The History of Dentistry

People don’t like going to the dentist. We get it. But things have improved greatly. Let’s take a look at the history of dentistry.

The very first evidence of dentistry as a practice comes from the Indus Valley Civilization. From 5000 B.C., a Sumerian text describes tooth worms as causing dental decay, an idea that was proven false in the 1700s.

In ancient Greece, Hippocrates and Aristotle wrote about dentistry, specifically about treating decaying teeth. The first book ever published on dentistry, was in 1530, named “The Little Medicinal Book for All Kinds of Diseases and Infirmities of the Teeth”.

In the 1600’s, teeth were extracted without anesthesia!

By the 1700s, dentistry had become a more defined profession.  In 1723, Pierre Fauchard, a French surgeon who is credited as the “Father of Modern Dentistry”, introduced the idea of dental fillings and the use of dental prosthesis, and identified that acids from sugar led to tooth decay. This was a big achievement in its time.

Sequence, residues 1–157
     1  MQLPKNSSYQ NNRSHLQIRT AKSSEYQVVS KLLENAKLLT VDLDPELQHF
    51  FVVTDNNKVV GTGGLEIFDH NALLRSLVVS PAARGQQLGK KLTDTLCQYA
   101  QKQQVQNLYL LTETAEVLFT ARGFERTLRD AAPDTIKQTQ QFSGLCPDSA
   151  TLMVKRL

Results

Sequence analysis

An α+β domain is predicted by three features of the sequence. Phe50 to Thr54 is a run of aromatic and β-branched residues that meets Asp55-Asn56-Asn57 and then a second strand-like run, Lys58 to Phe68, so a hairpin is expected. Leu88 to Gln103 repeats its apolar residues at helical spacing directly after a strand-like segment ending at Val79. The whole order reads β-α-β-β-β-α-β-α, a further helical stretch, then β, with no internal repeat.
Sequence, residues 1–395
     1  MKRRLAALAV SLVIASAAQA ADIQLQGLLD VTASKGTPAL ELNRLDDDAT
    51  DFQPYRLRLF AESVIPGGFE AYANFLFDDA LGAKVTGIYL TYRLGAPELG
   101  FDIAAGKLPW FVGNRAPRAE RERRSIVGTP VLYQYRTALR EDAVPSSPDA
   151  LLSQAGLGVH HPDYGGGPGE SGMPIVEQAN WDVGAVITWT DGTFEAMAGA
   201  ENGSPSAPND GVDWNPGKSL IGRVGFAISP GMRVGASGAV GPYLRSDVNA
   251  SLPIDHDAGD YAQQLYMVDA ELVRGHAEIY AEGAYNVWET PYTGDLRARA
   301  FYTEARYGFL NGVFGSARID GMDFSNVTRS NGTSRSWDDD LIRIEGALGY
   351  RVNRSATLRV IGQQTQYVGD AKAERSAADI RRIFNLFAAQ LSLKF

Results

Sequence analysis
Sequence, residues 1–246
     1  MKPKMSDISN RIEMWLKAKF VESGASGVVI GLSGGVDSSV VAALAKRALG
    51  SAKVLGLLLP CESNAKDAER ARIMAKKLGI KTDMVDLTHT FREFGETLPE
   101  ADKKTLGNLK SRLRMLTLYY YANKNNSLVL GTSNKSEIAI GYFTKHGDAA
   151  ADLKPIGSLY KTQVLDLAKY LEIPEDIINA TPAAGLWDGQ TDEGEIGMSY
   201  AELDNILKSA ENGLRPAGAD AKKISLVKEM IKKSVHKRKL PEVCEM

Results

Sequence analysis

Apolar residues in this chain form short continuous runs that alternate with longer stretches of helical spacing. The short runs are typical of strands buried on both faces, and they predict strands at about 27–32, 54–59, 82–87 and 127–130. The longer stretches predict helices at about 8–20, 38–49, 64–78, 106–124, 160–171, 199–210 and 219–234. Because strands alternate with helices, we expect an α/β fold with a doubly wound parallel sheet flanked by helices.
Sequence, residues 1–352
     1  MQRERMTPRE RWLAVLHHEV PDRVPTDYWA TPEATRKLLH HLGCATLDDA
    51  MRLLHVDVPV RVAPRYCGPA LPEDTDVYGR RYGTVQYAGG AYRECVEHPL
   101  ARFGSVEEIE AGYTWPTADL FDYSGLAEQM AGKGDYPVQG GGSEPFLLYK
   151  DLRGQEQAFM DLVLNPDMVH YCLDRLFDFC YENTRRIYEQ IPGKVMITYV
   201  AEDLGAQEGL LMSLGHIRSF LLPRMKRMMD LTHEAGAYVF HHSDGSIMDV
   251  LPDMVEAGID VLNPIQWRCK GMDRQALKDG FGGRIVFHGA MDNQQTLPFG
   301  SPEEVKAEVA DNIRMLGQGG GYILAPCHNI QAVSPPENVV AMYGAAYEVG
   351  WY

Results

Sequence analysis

Forward to 1840, when the first ever dental college, called the Baltimore College of Dental Surgery, was opened, leading towards more insight on dentistry.

By 1873, Colgate had mass produced the first toothpaste, and mass-produced toothbrushes followed a few years later. Even with the availability of toothpaste and toothbrushes, most Americans did not adopt good brushing habits until after World War II. This happened only when soldiers stationed abroad brought back the concept of good oral health to their homeland.

Nitrous oxide was used as an anesthetic agent for the first time in 1844 by Horace Wells, a dental surgeon in Hartford, Connecticut, USA. With the origin and development of local anesthesia, pain experience has lessened to a greater extent if not gone altogether, now. Yet here we are, many people still dreading a visit to a dentist.

So although we understand that people don’t love it, we think you’ll agree that it’s much better now than it was a few hundred years ago!

Scroll to Top